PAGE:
Only two papers reported a potential influence on other family members [9, 28]. Keery et al., [9] reported girls teased by family members had significantly higher levels of negative outcomes than those with no family members that tease. Parental teasing, particularly paternal teasing, was found to significantly increase the frequency of sibling teasing, which in Keery et al., [9] and Pearlman et al.’s [28] studies reported sibling teasing was 42 and 29% respectively. Olvera et al., [27] found peer teasing to be slightly more prevalent at 59% than parental teasing (42%). Keery et al., [9] found maternal teasing about weight and appearance increased risk of having a sibling who teases (OR = 1.37, 95% CI = 1.14–1.65). Yet, when paternal teasing was entered into the model, maternal teasing was no longer significant (OR = 1.15, 95% CI = .93–1.42) and paternal teasing now increased risk of sibling teasing (OR = 1.4, 95% CI = 1.16–1.70). Neither Pötzsch et al., [47], nor Webb et al., [48] considered.

Associated eating problems

Keery et al.’s, female sample reported that both maternal and paternal A-RT was significantly associated with depression and paternal only A-RT was predictive of eating disorders (restriction, bulimic behaviours), and psychological outcomes (body dissatisfaction, body comparison, thin-ideal internalization and self-esteem) [9]. Similarly, Pötzsch et al. [47] found adolescents who perceived W-RT significantly predicted global eating disorder psychopathology F (1,82) =15.09, p < .001. adj R2 = 0.16; b = 0.26, p = <.001, 95% CI. This effect was significantly modified when considering an adolescent’s level of weight bias internalization. Webb et al.’s, most recent 2020 study found Parental W-RT was associated with emotional eating T1 (M = .22 p < .01) and increased over time T2 (M = .27 p < .01). In their prospective modelling one year later, self-reported appearance teasing by parents was one of two risk factors uniquely associated with emotional eating [48].

Parent association with sibling teasing

Olvera et al., [27] conducted hierarchical regressions on W-RT and, although exploratory, found W-RT by a parent was significantly associated with eating disorders (emotional eating and binge eating). Haines et al., [26] found parental W-RT was directly associated with binge eating for both boys (OR, 1.31; 95% CI, 1.15–1.50) and girls (OR, 1.29; 95%CI, 1.08–1.55) and overweight (OR, 1.64; 95%CI, 1.36–1.96) in their cross-sectional results, yet only for girls in the prospective results. Pearlman et al., [28] found parental W-BT was significantly associated with lower self-esteem (F (1,115) = 8.81, p = 0.02), and was associated with depression although they report did not reach significance (F (1,116) = 3.85, p = 0.05).). For Pearlman, W-BT was not significantly associated with eating pathology.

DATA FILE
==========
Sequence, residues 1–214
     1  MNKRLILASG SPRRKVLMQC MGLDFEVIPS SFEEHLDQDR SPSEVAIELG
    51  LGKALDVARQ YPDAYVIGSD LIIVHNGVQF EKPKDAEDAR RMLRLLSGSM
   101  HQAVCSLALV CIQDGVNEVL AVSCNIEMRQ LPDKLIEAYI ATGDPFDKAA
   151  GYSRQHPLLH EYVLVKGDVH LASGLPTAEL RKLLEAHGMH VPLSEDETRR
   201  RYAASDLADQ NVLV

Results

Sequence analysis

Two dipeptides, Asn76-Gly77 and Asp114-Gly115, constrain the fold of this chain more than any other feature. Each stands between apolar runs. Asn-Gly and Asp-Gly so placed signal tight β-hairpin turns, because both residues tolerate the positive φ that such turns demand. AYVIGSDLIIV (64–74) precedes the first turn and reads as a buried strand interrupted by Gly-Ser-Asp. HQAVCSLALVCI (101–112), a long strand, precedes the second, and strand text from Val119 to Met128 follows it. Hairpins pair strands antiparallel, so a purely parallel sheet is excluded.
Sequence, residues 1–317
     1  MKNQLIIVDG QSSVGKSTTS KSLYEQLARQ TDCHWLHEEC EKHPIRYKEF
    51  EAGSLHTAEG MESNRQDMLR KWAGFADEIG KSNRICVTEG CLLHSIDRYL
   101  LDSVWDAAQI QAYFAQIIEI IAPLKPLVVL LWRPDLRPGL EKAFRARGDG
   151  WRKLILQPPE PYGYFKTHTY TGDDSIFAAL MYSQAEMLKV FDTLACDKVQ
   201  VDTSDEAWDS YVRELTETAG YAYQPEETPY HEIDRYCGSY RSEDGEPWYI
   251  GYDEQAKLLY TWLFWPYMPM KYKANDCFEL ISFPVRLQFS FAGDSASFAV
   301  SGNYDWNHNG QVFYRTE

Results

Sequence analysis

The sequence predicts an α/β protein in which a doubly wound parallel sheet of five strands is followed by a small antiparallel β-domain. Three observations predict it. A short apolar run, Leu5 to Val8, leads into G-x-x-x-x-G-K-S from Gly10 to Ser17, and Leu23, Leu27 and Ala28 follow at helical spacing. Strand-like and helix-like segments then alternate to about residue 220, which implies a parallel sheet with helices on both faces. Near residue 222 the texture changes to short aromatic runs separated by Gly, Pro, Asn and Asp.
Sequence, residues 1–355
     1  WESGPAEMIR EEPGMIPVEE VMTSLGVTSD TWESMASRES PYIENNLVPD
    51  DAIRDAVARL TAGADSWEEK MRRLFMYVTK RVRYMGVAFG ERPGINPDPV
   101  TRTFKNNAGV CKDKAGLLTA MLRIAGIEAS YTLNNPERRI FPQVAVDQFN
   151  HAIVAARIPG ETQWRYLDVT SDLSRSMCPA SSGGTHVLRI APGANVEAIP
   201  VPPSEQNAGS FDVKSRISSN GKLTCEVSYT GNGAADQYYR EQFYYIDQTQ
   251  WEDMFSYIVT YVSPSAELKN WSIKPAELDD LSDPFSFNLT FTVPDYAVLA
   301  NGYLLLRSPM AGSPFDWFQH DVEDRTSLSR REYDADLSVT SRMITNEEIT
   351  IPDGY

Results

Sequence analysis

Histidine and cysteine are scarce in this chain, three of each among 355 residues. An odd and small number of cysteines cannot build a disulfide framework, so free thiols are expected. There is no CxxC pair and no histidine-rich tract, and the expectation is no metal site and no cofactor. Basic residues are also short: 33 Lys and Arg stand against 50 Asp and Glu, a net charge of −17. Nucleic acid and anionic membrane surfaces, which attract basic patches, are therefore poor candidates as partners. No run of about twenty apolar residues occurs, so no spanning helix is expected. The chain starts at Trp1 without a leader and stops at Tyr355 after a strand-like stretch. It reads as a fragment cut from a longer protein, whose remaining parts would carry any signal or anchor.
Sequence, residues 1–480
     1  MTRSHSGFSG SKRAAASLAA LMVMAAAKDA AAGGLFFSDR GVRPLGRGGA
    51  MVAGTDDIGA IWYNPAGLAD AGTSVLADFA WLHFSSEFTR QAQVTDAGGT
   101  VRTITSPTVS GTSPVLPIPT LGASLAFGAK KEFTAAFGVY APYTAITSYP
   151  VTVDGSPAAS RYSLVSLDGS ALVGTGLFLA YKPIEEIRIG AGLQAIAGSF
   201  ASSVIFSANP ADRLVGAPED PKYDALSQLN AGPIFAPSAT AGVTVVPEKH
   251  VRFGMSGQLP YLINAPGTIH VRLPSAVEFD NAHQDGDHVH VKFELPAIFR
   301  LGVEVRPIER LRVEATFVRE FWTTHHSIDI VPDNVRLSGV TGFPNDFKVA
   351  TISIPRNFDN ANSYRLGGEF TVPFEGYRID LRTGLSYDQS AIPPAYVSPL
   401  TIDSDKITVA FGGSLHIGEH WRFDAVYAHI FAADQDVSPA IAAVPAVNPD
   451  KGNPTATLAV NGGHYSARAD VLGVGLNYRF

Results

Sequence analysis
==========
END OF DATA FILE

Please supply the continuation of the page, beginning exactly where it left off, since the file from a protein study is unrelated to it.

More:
Discussion

This is the first systematic review of the association between parents as a specific source of teasing and eating disorders. Our review showed that, previous research has indicated adolescents who experienced appearance or weight teasing from parents were more likely to have eating problems and other psychopathology which has been shown to contribute to eating problems. None of the research considers this teasing to be causative but part of the equifinality of eating problems.

Prevalence of parental teasing and gender

There are clear challenges in having discussions about appearance, weight, shape and even healthy eating without misunderstandings on what was being discussed and how it was being discussed. Parental communication is heard by the adolescent and then perceived either correctly or incorrectly as teasing, bullying or weight talk and then communicated to others in that light [11, 50]. Prevalence of appearance teasing is complicated by these concerns between intention and perception. Pötzsch et al., [47] considered maternal attitudes and although results were not the focus of this review, it is important to consider, as the Tripartite Influence Model has illustrated, the influence of the parental modelling in our prevalence results [51]. All the included studies are influenced by this perception and were self-report although none of the papers discuss family processes, studies have considered the perception of the way words are heard and have suggested there are complexities to how words are intended and how they are received, the overt and the covert communication and the potential for misunderstanding within the context of family processes [11, 12, 31, 50]. However, our findings also confirm the importance of considering the source of teasing, particularly in the family home and beyond the collective family grouping [52]. Parents are a source of appearance and/or weight related teasing and, although not the most prevalent source, their influence is clearly noteworthy. There is a paucity of research considering the gender of the parent and as the studies included in this review illustrate, there are noteworthy risk factors for mothers and daughters which would benefit from further exploration in relation to family and intrafamilial processes [9, 26, 27, 31, 47].. This is supported in broader research on parental and family comments that are not specific to teasing [13, 21, 49, 53].